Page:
“Thirty-two, twenty-four, thirty-four,” she said. “Well, look at that, practically my measurements.” She laughed and pulled the locker door open with a clang. My own measurements were even smaller. We both paused, and as though we were each other’s synchronized reflections, looked down at our own breasts, then at each other’s. Then Rebecca said, “I prefer being sort of flat chested, don’t you? Women with big bosoms are always so bashful. That, or else they think their figures are all that matters. Pathetic.” I thought of Joanie, her body so conspicuous in its fleshiness, a main attraction. I must have made a face or blushed because then Rebecca asked, “Oh, have I embarrassed you?” Her sincerity seemed genuine to me. We exchanged smiles. “Busts,” she said, shrugging and looking down at her small breasts again. “Who cares?” She laughed, winked at me, then turned back to her locker and fiddled with the dial again.

Perhaps only young women of my same conniving and tragic nature will understand that there could be something in such   an exchange as mine with Rebecca that day which could unite two people in conspiracy. After years of secrecy and shame, in this one moment with her, all my frustrations were condoned and my body, my very being, was justified. Such solidarity and awe I felt, you’d think I’d never had a friend before. And really, I hadn’t. All I’d had were Suzie or Alice or Maribel, figments, of course, imaginary girls I’d used in lies to my father—my own dark ghosts.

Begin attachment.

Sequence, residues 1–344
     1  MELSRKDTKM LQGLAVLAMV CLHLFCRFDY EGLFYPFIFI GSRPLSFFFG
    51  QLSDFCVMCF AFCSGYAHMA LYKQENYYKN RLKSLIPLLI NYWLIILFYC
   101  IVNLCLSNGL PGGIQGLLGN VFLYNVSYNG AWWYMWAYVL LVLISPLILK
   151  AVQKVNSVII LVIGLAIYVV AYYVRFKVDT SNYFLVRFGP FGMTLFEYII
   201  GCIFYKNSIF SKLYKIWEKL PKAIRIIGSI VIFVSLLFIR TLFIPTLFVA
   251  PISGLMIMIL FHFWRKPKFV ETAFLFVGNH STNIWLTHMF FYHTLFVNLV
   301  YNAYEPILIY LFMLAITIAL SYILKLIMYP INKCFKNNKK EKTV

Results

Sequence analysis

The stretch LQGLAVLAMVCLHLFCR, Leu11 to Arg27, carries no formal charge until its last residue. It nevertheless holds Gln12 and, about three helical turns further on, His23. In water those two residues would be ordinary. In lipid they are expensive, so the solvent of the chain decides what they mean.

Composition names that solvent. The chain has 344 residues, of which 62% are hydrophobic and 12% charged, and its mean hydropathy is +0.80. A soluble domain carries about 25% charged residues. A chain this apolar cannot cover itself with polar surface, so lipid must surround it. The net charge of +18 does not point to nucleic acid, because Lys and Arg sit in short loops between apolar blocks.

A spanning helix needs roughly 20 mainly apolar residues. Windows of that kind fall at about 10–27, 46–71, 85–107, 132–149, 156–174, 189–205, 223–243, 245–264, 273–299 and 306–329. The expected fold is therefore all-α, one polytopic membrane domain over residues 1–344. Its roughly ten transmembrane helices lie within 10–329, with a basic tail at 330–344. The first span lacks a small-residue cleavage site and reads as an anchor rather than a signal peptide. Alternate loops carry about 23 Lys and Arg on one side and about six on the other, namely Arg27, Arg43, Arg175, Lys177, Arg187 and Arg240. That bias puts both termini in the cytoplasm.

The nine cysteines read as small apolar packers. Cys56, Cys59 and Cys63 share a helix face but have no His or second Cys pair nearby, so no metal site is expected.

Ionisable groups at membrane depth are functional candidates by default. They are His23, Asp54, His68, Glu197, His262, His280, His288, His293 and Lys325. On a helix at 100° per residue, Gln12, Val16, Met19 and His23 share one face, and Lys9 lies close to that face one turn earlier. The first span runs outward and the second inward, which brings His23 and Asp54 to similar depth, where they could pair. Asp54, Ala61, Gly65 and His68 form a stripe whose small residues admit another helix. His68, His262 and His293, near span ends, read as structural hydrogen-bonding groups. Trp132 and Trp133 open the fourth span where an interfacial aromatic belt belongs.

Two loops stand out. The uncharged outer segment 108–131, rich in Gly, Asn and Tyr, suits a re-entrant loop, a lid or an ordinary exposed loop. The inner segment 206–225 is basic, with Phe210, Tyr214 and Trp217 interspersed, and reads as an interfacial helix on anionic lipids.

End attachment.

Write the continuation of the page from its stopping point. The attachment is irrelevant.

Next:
From EILEEN by Ottessa Moshfegh. Reprinted by arrangement of Penguin Press, part of the Penguin Random House company. Copyright © 2015 by Ottessa Moshfegh.